There’s no telling how these wacky World Series games will end.
One night after a rare obstruction call, Jonny Gomes hit a decisive homer when he wasn’t even in the original line-up and Koji Uehara picked off a rookie at first base for the final out.
An entertaining, even goofy World Series is tied at two games apiece following Boston’s 4-2 victory over the St Louis Cardinals on Sunday night, which ensured the title will be decided back at Fenway Park.
“What’s going on inside here is pretty special, magical,” Gomes said.
Inserted into the line-up about 75 minutes before gametime, Gomes hit a tiebreaking, three-run shot off reliever Seth Maness in the sixth inning.
Felix Doubront and surprise reliever John Lackey, both starters during the regular season, picked up for a gritty Clay Buchholz to help the Red Sox hang on.
And of course, another bizarre ending: Uehara picked off pinch-runner Kolten Wong – with postseason star Carlos Beltran standing at the plate.
Of the 1,404 postseason games in major league history, the last two are the only ones to end on an obstruction call and a pick-off.
“It was the first time for me to end a game like that as far as I can remember,” Uehara said.
Game five is on Monday night at Busch Stadium, with Boston left-hander Jon Lester facing Cardinals ace Adam Wainwright in a rematch of the opener, won 8-1 by the Red Sox.
Gomes helped Boston get started in the fifth when he followed David Ortiz’s lead-off double with a 10-pitch walk that tired starter Lance Lynn, who had faced the minimum 12 batters through the first four innings.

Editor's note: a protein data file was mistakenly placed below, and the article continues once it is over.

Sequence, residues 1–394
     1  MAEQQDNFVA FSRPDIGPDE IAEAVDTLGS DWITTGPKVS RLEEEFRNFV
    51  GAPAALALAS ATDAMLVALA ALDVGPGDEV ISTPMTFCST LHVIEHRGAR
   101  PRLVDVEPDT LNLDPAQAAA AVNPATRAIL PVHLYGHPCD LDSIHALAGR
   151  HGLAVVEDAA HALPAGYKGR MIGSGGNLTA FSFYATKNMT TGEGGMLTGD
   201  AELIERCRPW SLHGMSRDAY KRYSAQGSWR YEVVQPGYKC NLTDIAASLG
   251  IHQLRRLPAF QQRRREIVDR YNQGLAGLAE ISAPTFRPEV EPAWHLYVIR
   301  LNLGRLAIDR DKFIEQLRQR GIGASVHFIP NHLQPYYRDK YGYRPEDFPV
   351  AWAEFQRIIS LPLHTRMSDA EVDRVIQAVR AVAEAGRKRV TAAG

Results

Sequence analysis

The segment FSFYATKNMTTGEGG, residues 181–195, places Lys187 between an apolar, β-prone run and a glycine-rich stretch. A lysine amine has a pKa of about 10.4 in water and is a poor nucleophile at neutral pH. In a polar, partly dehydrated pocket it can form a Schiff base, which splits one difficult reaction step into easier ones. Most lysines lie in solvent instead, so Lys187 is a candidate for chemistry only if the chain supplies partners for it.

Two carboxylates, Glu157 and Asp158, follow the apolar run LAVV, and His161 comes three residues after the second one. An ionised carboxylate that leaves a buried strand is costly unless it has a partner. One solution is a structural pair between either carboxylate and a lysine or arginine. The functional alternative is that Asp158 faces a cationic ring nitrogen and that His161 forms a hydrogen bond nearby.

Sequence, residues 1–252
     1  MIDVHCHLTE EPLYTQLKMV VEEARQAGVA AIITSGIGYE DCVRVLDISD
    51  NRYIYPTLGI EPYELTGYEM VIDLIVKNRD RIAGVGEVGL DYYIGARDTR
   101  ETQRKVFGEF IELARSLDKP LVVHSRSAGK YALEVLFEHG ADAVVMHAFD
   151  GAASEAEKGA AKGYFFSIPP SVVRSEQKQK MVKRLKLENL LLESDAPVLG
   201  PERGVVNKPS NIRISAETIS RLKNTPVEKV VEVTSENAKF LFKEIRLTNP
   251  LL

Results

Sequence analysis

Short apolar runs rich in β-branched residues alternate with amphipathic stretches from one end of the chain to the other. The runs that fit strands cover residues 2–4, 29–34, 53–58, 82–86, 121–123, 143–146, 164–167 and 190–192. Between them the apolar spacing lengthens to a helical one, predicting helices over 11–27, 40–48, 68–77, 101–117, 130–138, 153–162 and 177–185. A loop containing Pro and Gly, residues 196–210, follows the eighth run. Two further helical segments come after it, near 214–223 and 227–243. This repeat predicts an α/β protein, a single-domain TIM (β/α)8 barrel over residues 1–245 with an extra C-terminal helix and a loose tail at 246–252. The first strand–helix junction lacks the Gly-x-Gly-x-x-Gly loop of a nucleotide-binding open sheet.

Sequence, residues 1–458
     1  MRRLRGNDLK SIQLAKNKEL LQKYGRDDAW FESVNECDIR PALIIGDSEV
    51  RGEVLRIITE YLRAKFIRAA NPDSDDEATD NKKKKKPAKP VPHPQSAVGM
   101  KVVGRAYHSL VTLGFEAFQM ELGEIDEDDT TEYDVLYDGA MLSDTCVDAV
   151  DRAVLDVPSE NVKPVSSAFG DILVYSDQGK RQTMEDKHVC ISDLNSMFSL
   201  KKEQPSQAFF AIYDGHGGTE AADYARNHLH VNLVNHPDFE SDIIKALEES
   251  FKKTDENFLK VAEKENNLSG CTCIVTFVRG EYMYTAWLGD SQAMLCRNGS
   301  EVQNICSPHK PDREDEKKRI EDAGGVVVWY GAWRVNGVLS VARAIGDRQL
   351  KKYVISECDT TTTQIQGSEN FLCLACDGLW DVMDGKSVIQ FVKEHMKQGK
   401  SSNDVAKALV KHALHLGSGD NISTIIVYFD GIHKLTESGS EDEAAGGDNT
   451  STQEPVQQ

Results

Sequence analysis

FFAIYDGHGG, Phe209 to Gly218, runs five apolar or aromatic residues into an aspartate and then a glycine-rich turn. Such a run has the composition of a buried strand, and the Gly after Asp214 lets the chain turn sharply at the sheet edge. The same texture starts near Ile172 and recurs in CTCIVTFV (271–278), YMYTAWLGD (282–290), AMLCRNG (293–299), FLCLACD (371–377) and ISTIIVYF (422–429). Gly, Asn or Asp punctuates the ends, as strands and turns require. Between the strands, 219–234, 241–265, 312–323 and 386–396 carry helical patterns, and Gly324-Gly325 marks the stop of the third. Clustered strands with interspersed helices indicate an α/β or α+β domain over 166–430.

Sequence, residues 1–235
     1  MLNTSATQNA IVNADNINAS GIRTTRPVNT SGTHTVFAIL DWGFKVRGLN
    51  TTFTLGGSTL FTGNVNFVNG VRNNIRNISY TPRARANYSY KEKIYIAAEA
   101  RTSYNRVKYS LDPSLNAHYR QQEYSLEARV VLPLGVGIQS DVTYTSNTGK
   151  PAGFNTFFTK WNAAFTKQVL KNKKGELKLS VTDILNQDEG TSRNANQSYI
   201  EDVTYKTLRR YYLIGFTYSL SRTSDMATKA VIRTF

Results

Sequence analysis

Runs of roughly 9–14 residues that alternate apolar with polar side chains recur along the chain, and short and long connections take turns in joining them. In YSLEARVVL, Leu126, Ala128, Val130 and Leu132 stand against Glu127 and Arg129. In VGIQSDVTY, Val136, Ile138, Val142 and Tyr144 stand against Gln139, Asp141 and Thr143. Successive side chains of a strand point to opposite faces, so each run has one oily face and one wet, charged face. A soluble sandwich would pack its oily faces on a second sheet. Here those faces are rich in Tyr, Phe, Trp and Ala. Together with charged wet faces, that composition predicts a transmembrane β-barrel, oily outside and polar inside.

Stephen Drew’s sacrifice fly tied the score 1-1, erasing a deficit created when centrefielder Jacoby Ellsbury’s third-inning error advanced Matt Carpenter into scoring position for Beltran’s RBI single.
Ortiz, 8-for-11 (.727) in the Series after a three-hit night, was Boston’s leader, smacking his hands together and screaming at teammates to get going when he pulled into second base on his double. Then, after the fifth inning, he huddled the Red Sox for a pep talk in the dugout.
“Let’s loosen up and let’s try to play baseball the way we normally do,” Ortiz remembered telling them. “I know we are a better team than what we had shown. Sometimes you get to this stage and you try to overdo things, and it doesn’t work that way.”
“It was like 24 kindergartners looking up at their teacher,” Gomes said, “He got everyone’s attention, and we looked him right in the eyes. That message was pretty powerful.”
Not long after, Gomes’ drive put Boston ahead 4-1 in the sixth.
With adrenaline taking over, Gomes spiked an arm through the air as he rounded first base, yelled and banged his chest with his right fist twice. Teammates tugged on Gomes’ beard for good luck when he got back to the dugout, including a two-handed pull by Mike Napoli.
Not exactly what Gomes expected when he arrived at the ballpark.
While talk of umpires’ calls dominated discussion following two of the opening three games, this one turned on a manager’s pre-game decision.
John Farrell’s original Red Sox lineup didn’t include Gomes, but Victorino’s back had been bothering him since Saturday, so Daniel Nava was moved from leftfield to right and from fifth to second in the batting order. Gomes was inserted into the No 5 hole behind Ortiz.
“During batting practice, when I met with Shane today, he said, ‘Yeah, put me in there. I’ll find a way to get ready to start the game’,” Farrell said. “As we went through the other work, it became obvious he wasn’t capable. And you know what? It turns out that his replacement is the difference in this one tonight.”